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WEEK OF MAY 13, 2024

Potential triggers for sentiment-driven market moves this week

  • US: CPI, PPI, retail sales, industrial production and housing start data. Earnings from Home Depot, Cisco, and Walmart. Speeches by several Fed officials.
  • Europe: ZEW Indicator of Economic Sentiment for Germany.
  • APAC: China’s industrial production, retail sales, and unemployment data for April.
  • Global: Investors are keeping one eye on US inflation figures and the other on developments in Rafah and North Ukraine.

Insights from last week's changes in investor sentiment:

Investor sentiment declined across all markets we follow ending the week bearish in Asia ex-Japan, Global Developed Markets, Global Developed ex-US markets, Europe, and the US. Sentiment remains negative in Global Emerging Markets, Japan, and the UK. The only market with a still positive (but also weakening) sentiment was China. We note that in defiance of sentiment, markets continued to rise for the fourth consecutive week as (some) investors insist an interest rate cut is imminent in what increasingly feels like an enormous quid for a yet unspoken quo.

US monetary policy: This week, the focus is on Federal Reserve Chairman Powell's Tuesday speech and Wednesday's Consumer Price Index (CPI) data release. It's expected that core inflation will slightly decrease as the high April 2023 monthly increase of 0.468% drops from the annual rate calculation, to be replaced by an estimated 0.3% rise for April 2024, leading to a lower annual inflation rate of 3.56% from the 3.8% previously. Despite this, prevailing market sentiment is quite pessimistic, posing a risk of a downward overreaction should inflation figures unexpectedly rise. Conversely, a decline in inflation could trigger profit-taking among investors, who recognize that replacing the small forthcoming six monthly core inflation figures from 2023 with even smaller ones will be challenging in 2024 without a considerable economic deceleration.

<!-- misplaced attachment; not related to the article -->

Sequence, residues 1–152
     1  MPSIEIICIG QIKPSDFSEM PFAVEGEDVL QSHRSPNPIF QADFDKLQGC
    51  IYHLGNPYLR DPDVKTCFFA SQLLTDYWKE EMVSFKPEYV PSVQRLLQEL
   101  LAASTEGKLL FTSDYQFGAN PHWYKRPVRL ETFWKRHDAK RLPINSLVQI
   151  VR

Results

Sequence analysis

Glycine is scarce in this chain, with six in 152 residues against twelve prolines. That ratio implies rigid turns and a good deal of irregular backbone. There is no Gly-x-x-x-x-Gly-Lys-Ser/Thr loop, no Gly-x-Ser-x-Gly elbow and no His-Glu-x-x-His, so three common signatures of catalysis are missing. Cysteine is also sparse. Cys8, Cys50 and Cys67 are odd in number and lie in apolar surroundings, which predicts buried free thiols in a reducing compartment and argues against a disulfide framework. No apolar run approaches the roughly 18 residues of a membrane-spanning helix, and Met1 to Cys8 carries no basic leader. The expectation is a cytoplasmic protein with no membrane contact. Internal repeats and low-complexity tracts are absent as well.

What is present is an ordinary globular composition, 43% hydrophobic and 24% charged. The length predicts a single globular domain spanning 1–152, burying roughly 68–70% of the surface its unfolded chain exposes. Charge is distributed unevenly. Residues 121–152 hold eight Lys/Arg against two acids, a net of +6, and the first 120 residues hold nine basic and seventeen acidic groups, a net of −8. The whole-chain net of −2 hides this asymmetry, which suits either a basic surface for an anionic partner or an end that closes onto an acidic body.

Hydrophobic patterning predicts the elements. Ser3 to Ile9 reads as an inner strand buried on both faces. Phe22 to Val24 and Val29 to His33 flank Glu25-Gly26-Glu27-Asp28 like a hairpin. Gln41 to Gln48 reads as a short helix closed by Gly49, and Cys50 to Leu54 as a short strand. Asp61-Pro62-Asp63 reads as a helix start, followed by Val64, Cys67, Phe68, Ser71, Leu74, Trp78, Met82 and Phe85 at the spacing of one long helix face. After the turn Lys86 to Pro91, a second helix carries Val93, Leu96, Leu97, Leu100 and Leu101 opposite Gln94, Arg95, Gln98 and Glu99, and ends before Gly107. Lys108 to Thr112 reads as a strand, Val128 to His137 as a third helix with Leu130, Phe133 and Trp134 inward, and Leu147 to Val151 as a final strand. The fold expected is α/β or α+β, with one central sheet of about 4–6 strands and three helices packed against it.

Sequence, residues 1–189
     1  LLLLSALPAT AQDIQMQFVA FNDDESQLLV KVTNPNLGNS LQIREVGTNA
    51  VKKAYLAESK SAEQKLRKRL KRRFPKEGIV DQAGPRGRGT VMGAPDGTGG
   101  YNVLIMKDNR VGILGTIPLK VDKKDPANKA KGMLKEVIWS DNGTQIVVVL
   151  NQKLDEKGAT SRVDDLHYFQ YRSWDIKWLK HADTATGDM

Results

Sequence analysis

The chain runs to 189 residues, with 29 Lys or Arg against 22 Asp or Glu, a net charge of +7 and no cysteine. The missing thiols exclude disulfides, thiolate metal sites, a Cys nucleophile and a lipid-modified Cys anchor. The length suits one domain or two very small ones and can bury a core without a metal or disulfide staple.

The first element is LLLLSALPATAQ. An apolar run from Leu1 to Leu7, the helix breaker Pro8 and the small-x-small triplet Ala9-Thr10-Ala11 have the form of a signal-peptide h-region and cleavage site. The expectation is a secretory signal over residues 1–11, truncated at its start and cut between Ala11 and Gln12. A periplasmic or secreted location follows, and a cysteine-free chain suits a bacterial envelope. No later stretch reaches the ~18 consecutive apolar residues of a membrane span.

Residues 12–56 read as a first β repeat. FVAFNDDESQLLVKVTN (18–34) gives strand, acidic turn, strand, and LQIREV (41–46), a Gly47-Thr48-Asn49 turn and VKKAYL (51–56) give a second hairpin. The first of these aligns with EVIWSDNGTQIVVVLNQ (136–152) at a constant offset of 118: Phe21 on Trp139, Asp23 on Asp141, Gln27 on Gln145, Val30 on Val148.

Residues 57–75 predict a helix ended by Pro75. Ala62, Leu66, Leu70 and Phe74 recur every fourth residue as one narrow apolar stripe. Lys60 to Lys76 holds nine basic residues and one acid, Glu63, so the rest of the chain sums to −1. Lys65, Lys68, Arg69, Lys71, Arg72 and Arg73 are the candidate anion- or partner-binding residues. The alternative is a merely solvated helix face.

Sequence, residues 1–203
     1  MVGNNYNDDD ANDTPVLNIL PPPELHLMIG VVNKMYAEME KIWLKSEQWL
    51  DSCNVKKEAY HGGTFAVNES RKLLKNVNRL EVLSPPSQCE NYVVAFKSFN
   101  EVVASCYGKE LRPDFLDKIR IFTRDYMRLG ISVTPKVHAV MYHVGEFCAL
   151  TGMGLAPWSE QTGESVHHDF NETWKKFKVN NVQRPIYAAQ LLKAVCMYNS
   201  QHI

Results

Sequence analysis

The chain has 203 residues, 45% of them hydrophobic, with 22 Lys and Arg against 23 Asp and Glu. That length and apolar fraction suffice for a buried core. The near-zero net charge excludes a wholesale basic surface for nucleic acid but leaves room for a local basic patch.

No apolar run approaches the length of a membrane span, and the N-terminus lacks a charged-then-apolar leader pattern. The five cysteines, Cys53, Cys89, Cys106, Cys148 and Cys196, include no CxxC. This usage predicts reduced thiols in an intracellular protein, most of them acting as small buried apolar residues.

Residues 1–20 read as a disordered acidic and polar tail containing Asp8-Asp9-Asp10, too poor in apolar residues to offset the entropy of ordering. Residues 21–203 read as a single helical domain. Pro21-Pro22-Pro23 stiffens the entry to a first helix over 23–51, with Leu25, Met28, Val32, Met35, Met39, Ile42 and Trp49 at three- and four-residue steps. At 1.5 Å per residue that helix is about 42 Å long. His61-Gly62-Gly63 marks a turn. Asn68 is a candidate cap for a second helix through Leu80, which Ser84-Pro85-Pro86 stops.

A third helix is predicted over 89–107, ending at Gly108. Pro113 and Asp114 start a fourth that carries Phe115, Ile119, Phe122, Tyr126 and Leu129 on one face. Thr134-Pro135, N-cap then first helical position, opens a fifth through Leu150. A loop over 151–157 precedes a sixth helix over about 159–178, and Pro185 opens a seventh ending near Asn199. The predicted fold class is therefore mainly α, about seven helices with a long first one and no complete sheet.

US Presidential election: Both candidates continue to face their challenges. Biden has a youth and a pro-Palestine lobby problem passionate enough to give some Orwellian gravitas to the student protests. Trump, meanwhile, continues to (very publicly) deal with the multiple attempts to legally defenestrate him from the ballot box in November. The only thing we have learned so far from these proceedings is that Donald Trump is as rich as Michael Jordan, as powerful as Shaqueal O’Neal, and as controversial as Dennis Rodman. This race remains too weird close to call and won’t affect markets until the home stretch.

Geopolitics: The ongoing conflicts in the two regions are evidently exerting pressure on the outlook of investors and may persist in influencing market sentiment in the coming week. The emergence of a new offensive by Russia in the northern sector of Ukraine's Kharkiv region, alongside indications that Israel may initiate a ground invasion into Rafah following its war cabinet's unanimous decision to proceed with military operations, are ongoing concerns. Additionally, investors are worried about the warming relations between President Xi of China and President Vladimir Putin of Russia. President Xi's recent tour of Europe has done little to mitigate apprehensions regarding these geopolitical developments, nor has it alleviated concerns about an impending trade conflict between Europe and China.